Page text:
Hi, everyone can anybody elaborate me the usage of ‘not’ operator in boolean expressions. I mean, can we use two ‘not’ operators at a time. what is best about it. I’m waiting here
not is quite straightforward. It just inverts the boolean value of the expression to the right so that
not True evaluates to
not False evaluates to
True. You can use more than one
not operator on a single line though there’d be no benefit of chaining them
not not True for example is pointless. Combining them with other comparisons is common, like the following form:
if a > 3 and b is not None to create more complex logic statements.
If you’re curious about the order of evaluation then the docs are always a good shout- https://docs.python.org/3/reference/expressions.html#operator-precedence
ok thank you, plz look here and kindly points out, why it’s not working
if not credits >= 120 and gpa >= 2.0:
return “You do not meet either requirement to graduate!”
I’m finding difficulty here
Please see this topic:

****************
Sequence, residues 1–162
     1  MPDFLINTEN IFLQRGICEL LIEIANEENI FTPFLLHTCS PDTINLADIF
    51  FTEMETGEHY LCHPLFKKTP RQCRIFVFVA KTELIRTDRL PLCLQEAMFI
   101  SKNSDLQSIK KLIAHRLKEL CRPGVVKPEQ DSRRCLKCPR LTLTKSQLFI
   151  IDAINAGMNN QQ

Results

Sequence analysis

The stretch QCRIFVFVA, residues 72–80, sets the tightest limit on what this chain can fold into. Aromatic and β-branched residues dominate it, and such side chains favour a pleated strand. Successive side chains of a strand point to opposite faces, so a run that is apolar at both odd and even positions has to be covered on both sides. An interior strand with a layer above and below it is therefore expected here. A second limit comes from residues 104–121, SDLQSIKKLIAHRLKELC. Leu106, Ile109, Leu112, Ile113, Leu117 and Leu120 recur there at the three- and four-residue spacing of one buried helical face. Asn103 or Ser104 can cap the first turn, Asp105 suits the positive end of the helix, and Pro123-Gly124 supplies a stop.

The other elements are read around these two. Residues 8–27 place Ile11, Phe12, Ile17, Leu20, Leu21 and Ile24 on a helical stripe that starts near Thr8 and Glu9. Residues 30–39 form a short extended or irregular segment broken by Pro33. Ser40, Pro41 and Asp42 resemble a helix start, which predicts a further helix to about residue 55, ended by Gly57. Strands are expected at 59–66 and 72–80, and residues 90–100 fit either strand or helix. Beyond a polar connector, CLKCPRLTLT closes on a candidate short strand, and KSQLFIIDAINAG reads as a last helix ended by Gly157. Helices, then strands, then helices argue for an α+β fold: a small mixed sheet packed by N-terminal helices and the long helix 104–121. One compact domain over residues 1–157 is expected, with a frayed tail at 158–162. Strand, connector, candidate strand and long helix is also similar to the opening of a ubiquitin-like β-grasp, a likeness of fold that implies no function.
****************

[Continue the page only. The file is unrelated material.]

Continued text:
if you include the information asked for in this topic, we are much better able to help you. Helping from a small snippet of code would involve a lot of guess work.
ok thannx. I’m gonna try it.
you can add this information (full code, exercise url) as a reply in this topic if you want Then we can help you further
thanx, @stetim94. I fixed it now. thanx for your help. I’ll need your guide again soon
NOT works on any value, not just booleans. The truth value coerces a boolean which NOT then toggles.
not 1 => False not 0 => True
Using a double not is the same as
not not 1 => True bool(1) => True
We can also use it in a toggle method…
a = 0 for _ in range(10): print (a) a = int(not(a))
We’ve seen above how the
is keyword can be used in combination, and it is common to see,
not in within a membership test.
x not in range(n)
As mentioned by @tgrtim, we can build some pretty sophisticated expressions that incorporate the
>>> x =  >>> len(x) is not 0 False >>>
Not like we would ever see that in code, but it does as promised.